placing parapets, sidewalks, barriers and other heavy The V-load method does not directly account for sources

line loads at their actual location on the bridge. Wearing of torque other than curvature and the method does not

surface and other distributed loads may be assumed account for the horizontal shear stiffness of the concrete

uniformly distributed to each girder in the cross-section. deck. The method is only valid for loads such as normal

highway loadings. For exceptional loadings, a more

refined analysis is required. The method assumes a linear

distribution of girder shears across the bridge section;

thus, the girders at a given cross-section should have

approximately the same vertical stiffness. The V-load

method is also not directly applicable to structures with

reverse curvature or to a closed-framed system with

horizontal lateral bracing near, or in the plane of one or

both flanges. The V-load method does not directly

account for girder twist; thus, lateral deflections, which

become important on bridges with large spans and/or

sharp skews and vertical deflections, may be significantly

underestimated. In certain situations, the V-load method

may not detect uplift at end bearings. The method is best

suited for preliminary design, but may also be suitable for

final design of structures with radial supports or supports

skewed less than approximately 10 degrees.

The M/R method provides a means to account for

the effect of curvature in curved box girder bridges. The

method and suggested limitations on its use are

discussed by Tung and Fountain (1970).

Vertical reactions at interior supports on the

concave side of continuous-span bridges may be

significantly underestimated by both the V-load and

M/R methods.

Live load distribution factors for use with the

V-load and M/R methods may be determined using the

appropriate provisions of Article 4.6.2.2.

Strict rules and limitations on the applicability of

both of these approximate methods do not exist. The

Engineer must determine when approximate methods of

analysis are appropriate.

TeraPaper.com

Except as specified herein, the provisions of this Because the number of loaded lanes used to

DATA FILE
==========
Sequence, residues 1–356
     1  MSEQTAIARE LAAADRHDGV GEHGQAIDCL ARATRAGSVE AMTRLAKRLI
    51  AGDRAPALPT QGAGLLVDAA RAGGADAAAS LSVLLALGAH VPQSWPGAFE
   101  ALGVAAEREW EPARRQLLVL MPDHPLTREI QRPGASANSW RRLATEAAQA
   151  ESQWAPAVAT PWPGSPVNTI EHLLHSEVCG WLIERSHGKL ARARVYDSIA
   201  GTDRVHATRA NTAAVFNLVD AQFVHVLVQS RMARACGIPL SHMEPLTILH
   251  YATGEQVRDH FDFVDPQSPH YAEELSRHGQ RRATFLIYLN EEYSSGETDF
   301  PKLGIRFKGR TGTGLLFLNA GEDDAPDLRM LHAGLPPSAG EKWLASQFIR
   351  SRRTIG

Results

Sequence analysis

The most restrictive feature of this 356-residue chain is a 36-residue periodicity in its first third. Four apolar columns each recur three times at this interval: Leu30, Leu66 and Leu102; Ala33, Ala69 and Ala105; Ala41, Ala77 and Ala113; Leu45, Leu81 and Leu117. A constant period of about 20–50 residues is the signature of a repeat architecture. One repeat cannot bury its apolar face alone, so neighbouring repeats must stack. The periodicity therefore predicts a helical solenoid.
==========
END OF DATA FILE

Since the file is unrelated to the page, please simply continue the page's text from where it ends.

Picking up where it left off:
Article may be applied where the approximate determine the multiple lane live load distribution factor,

methods of analysis for the analysis of gm, is not known, the multiple lane multiple presence

beam-slab bridges specified in Article 4.6.2.2 and slab- factor, m, is implicitly set equal to 1.0 in this equation,

type bridges specified in Article 4.6.2.3 are used. The which assumes only two lanes are loaded, resulting in a

provisions of this Article shall not be applied where conservative final force effect over using the multiple

either: presence factors for three or more lanes loaded.

The factor Z is used to distinguish between

• the lever rule has been specified for both single lane situations where the single lane live load distribution

and multiple lane loadings, or factor was determined from a specified algebraic equation

and situations where the lever rule was

TeraPaper.com

© 2014 by the American Association of

All rights reserved. Duplicationtate

is aHighway

violation and Transportation

of applicable law. Officials.

4-48 SECTION 4: STRUCTURAL ANALYSIS AND EVALUATION

AASHTO LRFD BRIDGE DESIGN SPECIFICATIONS, SEVENTH EDITION, 2014 4-48

• the special requirement for exterior girders of beam- specified for the determination of the single lane live

slab bridge cross-sections with diaphragms load distribution factor. In the situation where an

specified in Article 4.6.2.2.2d has been utilized for algebraic equation was specified, the multiple presence

simplified analysis. factor of 1.20 for a single lane loaded has been included

in the algebraic equation and must be removed by using

Force effects resulting from heavy vehicles in one Z = 1.20 in Eq. 4.6.2.2.4-1 so that the distribution factor

lane with routine traffic in adjacent lanes, such as might can be utilized in Eq. 4.6.2.2.4-1 to determine the force